Army had sent Jakub not to France, as he had expected, but to Germany, which he had not sought to revisit. From the ashes, desolations and terrors of his beginnings—unforgotten, approached, considered—Jakub builds not a prison but a new life. District Prefect Kurt Engels was arrested in the early s but committed suicide in jail before he could be brought to trial. She would like to see her again.


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    4. The former Polish ammunitions factory which Heinkel had taken manufactures ballbearings now. Its director, Roman Wereszczynski, gladly acts as a guide to the site of the camp that stood on its fringe. Reinhold Feix was never apprehended, although a case was brought against him. He is thought to have died in his own bed in Amberg in His son killed himself at the age of twenty-one.

      Fritz Tauscher committed suicide in while in custody in Hamburg. The salt sculptures of Wieliczka are open to tourists again. The guides know about the existence of an aircraft factory and camp there during the war, but say they have little information about it and would like to have more. His successor at the camp, Karl Fritszch, died in the battle for Berlin.

      After all, it was her husband, and even though her husband had had such a position, so she often told me, she still knew that he was not a murderer. He had carried out his orders just like every other soldier. Through me he shall not be betrayed. The Americans removed his shoes, belt, and tie. Before ten on the following morning, he tore off a piece of his undershirt and attempted to commit suicide by hanging himself from the doorknob in his cell. Lutz Baumgartner disappeared. His wife and her parents denied all knowledge of his whereabouts. She told her children that he had died on the Eastern Front.

      The inmate hospital staff gave statements on his behalf to the Americans. Schmitz was executed on November 26, The Special Prison was kept as a museum, and its execution wall retained as a memorial to Canaris and the Widerstand. In , the government of Bavaria agreed to tear down the factory, cut down the trees, uncover the foundations of barracks, and use the Kommandatur to house the museum and archives. The contours of the camp are coming back into focus again.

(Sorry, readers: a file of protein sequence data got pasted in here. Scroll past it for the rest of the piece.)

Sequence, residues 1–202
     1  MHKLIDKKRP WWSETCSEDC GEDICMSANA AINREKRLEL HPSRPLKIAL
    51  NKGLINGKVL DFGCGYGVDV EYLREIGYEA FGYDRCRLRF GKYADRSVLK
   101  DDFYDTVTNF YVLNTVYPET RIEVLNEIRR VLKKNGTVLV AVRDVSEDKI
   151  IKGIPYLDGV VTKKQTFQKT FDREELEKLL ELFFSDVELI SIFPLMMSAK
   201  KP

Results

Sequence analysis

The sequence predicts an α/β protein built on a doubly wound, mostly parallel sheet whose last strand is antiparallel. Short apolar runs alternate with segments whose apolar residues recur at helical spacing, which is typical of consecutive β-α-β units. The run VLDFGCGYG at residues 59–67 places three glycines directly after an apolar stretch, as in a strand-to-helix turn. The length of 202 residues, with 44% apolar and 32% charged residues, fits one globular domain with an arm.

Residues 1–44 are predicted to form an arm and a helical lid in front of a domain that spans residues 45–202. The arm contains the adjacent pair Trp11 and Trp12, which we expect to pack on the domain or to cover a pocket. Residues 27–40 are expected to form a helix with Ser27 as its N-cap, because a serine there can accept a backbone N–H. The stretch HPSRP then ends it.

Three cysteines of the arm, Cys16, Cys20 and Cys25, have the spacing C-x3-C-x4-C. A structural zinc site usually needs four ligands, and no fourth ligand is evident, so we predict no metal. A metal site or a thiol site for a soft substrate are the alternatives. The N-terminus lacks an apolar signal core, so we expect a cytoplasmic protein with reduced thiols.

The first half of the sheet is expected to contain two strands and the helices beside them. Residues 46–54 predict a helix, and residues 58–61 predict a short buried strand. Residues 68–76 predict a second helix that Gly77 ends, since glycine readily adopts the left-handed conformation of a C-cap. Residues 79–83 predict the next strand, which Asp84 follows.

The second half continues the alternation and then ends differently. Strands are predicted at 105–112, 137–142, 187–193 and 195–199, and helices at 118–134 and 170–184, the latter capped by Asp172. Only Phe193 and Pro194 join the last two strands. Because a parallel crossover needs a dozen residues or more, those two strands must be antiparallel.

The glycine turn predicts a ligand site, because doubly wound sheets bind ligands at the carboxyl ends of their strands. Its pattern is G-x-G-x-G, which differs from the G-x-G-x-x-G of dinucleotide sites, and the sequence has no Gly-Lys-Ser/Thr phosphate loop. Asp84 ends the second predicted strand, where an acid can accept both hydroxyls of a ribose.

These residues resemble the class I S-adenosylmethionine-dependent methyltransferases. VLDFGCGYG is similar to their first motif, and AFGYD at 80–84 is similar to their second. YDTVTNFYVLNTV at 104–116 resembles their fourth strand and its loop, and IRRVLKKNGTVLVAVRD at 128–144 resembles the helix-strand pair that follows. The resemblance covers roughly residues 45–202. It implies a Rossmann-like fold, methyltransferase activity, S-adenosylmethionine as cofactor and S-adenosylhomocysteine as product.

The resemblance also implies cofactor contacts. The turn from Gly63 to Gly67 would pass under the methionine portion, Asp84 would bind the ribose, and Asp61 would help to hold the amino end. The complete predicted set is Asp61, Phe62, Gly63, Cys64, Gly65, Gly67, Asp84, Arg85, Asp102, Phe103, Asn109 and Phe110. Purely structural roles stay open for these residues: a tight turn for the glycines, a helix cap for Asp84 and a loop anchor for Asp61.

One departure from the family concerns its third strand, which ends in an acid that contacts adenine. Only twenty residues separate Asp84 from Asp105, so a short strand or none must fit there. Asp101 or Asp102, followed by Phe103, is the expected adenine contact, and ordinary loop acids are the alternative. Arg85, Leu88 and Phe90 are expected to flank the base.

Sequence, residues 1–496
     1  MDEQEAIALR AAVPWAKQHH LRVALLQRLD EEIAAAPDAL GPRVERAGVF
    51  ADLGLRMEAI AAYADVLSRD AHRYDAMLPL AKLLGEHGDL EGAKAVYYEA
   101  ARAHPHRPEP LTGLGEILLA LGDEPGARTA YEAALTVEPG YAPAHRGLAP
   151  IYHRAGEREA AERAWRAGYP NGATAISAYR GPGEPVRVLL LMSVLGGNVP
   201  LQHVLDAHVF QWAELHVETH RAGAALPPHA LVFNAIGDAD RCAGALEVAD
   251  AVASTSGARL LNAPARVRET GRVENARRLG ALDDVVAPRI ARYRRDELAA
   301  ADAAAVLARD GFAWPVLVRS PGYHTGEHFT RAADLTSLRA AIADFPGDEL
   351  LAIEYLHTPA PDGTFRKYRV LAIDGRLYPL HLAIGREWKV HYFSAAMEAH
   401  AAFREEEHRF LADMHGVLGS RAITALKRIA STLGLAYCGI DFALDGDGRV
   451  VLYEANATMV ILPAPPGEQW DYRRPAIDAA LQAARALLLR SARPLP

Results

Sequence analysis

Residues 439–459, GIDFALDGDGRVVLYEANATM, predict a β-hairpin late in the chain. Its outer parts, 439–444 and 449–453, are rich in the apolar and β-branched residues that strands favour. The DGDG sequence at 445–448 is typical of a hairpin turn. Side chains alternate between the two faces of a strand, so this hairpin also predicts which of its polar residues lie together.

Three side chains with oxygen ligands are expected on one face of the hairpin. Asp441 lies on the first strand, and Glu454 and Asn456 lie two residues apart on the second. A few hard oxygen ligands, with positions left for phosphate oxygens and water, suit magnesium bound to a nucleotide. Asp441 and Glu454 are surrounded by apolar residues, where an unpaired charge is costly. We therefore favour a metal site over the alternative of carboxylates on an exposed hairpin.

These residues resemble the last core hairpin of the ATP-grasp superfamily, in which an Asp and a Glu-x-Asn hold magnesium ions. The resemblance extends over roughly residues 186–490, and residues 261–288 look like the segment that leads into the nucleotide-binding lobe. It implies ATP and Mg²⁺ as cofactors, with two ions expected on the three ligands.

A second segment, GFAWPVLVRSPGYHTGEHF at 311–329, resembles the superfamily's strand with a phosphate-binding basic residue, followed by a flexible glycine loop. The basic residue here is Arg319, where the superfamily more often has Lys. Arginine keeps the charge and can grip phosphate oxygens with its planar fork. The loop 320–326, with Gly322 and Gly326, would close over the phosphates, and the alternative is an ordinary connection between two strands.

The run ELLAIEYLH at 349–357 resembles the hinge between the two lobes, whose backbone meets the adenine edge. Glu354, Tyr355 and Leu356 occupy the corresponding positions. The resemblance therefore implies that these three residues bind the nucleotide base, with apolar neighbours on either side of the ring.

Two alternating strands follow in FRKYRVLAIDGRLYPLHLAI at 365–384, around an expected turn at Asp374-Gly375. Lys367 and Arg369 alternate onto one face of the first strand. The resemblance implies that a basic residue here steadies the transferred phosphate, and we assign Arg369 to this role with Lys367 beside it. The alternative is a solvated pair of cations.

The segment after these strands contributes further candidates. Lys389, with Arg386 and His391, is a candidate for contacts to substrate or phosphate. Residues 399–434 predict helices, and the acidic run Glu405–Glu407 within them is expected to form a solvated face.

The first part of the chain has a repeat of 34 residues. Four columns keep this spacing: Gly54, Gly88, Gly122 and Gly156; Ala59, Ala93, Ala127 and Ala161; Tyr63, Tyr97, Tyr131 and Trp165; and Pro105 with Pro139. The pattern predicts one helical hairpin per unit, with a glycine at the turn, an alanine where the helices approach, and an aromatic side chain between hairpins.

Herszel came to the U. The virtuoso violinist Chaim Arbajtman became associate concertmaster of the Philadelphia Orchestra. They and Jakub remain friends. Jakub specialized in psychoanalysis, and evaluated and treated people who, like him, had lived through the camps and, with his colleagues, took part in groups studying survival. He was dismayed by what he discovered. In the s, the government of Chancellor Adenauer institutedWiedergutmachung legislation for camp inmates. Psychiatrists in Germany attributed dysfunctions they found in survivors to be constitutional or hereditary, unconnected to the trauma of persecution.

      To counter them, psychiatrists in the U. Many of them found the stories the former inmates told too disturbing to hear and avoided in-depth analysis. Krystal and W. A great opportunity to learn and to understand the complexity of the human condition was lost. Mentioning these places summons up familiar images and elicits a variety of associations in both individual and communal conceptions of history.

      They represent the system of National Socialist concentration camps and symbolize the mass murder of millions of people.

      See a Problem?

      This is true for public consciousness in the United States as well as Germany. Auschwitz symbolizes the epitome of National Socialist mass murder. Time and memory have turned it into a sacred place that appears inviolable. It has become a place in the mind, an abstraction, a ghostly manifestation. Young is suggesting here that Auschwitz cannot speak freely and for itself. Through political and academic debates, articles in the press and television reports, and also through public ceremonies of remembrance, the genocide of the National Socialists as well as the places associated with it have become a central component of our historical consciousness.